Riad Sattouf kills the father


Plate taken from “The Arab of the future 6. Youth in the Middle East”.

“The Arab of the future 6. Youth in the Middle East (1994-2011)”, by Riad Sattouf, Allary, 184 p., €24.90.

He’s like Snowy’s devil, distilling bad advice and acid sneers. The “Arab of the future”, father of the young Riad, may have fled to Syria, tearing the Sattouf family at the same time, he has never been so haunting as in this volume VI, an event in itself, since it comes to close this extraordinary saga.

As we remember, the story began in the early 1980s. At the time, Abdel-Razak Sattouf was fascinated by pan-Arabism and its promise of modernity, to the point of voluntarily settling in Gaddafi’s Libya, with his Breton wife and their young child. Over the course of the chapters, readers have let themselves be fascinated by this grandiloquent, grotesque character, whom they have gradually discovered to be racist, odious and criminal. In this last volume, which ends with the great shift of the “Arab Spring” of 2011, Abdel-Razak Sattouf is, more than ever, a reflection of his time: he who adored France and swore only by education to fight religious obscurantism now vomits this country of “racists” and of “unbelievers”.

Two avatars

Volume VI, which is in perfect continuity with the previous ones for the quality of its narration, supported by a use that is both subtle and sparing of color, began in 1994. Riad Sattouf was then 16 years old. He lost his angel face to look exactly like one of the characters in his film The Beautiful Kids (2009), which makes fun of the torments of ungrateful teenagers masturbating in their socks. But the life of the young Riad is undoubtedly much worse than that of the other “beautiful kids” of his age: he has to undergo the two avatars of his father, each as irritating as the other. The one, imaginary, on the one hand, incarnation of his bad conscience, which watches over him while feasting on his failures; and the real father, on the other hand, the one who harasses him with letters written in broken French to convince him to join him in Syria and go into medicine, or rather “medicine”instead of sinking into the “dishonor” of comics.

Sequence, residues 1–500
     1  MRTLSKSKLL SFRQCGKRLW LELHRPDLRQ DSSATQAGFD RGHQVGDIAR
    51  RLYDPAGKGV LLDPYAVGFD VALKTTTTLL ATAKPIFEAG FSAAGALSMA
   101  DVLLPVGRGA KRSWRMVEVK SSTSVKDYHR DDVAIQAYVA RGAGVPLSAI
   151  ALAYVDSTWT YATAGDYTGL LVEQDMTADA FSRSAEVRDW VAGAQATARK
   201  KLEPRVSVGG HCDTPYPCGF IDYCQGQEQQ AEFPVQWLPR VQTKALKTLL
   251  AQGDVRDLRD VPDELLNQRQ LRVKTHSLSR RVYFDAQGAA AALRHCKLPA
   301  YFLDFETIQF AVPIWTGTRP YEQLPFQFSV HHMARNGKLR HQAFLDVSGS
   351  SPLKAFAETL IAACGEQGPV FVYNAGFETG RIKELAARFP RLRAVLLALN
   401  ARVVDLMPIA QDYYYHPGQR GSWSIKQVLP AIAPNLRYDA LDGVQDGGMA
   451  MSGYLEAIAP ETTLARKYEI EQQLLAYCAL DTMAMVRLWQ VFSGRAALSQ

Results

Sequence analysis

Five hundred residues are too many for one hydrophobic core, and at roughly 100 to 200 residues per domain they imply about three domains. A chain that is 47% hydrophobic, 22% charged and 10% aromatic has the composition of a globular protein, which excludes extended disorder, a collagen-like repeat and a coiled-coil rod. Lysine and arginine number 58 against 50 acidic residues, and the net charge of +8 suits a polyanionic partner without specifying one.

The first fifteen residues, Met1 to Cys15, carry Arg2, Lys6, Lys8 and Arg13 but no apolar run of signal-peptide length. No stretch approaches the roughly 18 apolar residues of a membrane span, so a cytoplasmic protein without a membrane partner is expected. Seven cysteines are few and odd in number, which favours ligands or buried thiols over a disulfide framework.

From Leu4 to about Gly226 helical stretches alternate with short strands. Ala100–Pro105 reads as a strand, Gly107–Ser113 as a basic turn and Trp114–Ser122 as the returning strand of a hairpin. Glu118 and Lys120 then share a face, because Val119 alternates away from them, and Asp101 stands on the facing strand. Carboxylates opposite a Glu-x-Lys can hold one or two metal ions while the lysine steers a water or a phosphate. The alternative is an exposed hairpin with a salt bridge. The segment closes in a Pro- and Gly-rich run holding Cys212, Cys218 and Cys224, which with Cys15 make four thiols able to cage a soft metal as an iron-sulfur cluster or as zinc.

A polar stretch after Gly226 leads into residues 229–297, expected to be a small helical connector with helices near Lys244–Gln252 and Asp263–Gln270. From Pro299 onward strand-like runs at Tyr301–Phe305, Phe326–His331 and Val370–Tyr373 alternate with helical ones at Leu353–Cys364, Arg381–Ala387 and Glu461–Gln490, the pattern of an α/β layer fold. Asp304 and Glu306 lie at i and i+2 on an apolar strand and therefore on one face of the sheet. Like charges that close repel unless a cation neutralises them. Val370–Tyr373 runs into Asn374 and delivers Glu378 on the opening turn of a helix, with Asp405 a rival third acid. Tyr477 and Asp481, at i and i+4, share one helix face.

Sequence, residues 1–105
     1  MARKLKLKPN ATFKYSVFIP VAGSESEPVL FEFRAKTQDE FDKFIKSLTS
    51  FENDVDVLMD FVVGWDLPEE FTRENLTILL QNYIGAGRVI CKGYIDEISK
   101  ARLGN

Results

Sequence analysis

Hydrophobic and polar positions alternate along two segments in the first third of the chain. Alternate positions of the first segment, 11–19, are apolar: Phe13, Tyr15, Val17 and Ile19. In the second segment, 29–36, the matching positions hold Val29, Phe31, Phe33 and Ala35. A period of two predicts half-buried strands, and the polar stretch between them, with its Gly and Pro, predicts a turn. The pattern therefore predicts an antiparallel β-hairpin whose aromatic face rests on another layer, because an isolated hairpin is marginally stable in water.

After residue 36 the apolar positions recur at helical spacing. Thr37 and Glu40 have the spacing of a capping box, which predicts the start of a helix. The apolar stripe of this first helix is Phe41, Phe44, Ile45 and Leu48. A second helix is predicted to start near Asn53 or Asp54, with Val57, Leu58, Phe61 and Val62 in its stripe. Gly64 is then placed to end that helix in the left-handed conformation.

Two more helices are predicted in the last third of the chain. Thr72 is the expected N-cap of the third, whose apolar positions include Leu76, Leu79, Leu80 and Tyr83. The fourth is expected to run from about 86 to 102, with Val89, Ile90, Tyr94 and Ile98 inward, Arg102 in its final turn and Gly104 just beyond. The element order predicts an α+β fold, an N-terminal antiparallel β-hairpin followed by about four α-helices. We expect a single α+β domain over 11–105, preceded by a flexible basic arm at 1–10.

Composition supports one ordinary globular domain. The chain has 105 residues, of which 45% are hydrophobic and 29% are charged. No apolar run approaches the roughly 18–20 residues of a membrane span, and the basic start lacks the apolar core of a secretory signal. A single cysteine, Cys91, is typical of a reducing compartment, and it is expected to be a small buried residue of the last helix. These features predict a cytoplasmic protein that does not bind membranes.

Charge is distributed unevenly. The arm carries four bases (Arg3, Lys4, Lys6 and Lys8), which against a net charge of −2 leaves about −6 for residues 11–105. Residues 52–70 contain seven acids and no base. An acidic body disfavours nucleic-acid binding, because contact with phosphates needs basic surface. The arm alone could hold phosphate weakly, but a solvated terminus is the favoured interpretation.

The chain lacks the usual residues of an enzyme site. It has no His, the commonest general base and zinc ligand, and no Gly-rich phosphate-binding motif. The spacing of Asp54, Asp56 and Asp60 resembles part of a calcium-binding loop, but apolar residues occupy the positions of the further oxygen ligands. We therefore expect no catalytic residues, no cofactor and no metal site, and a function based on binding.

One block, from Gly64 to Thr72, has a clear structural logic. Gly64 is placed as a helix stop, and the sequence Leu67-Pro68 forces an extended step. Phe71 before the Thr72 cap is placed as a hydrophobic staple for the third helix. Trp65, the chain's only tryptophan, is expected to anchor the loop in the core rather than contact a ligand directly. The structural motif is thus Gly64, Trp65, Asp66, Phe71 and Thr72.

Unsurprisingly, this father will be of no help to finance the graphic design studies that Riad Sattouf is beginning at the Gobelins (Paris 13e). But how can you lay claim to a career as an artist when his abominable parent comes to make fun, in a dream, of his “ugly drawings that bring in three cents” ? The reader, who himself was beginning to dread the tense interventions of the “Arab of the Future”, willingly accompanies Riad in his psychotherapy sessions.

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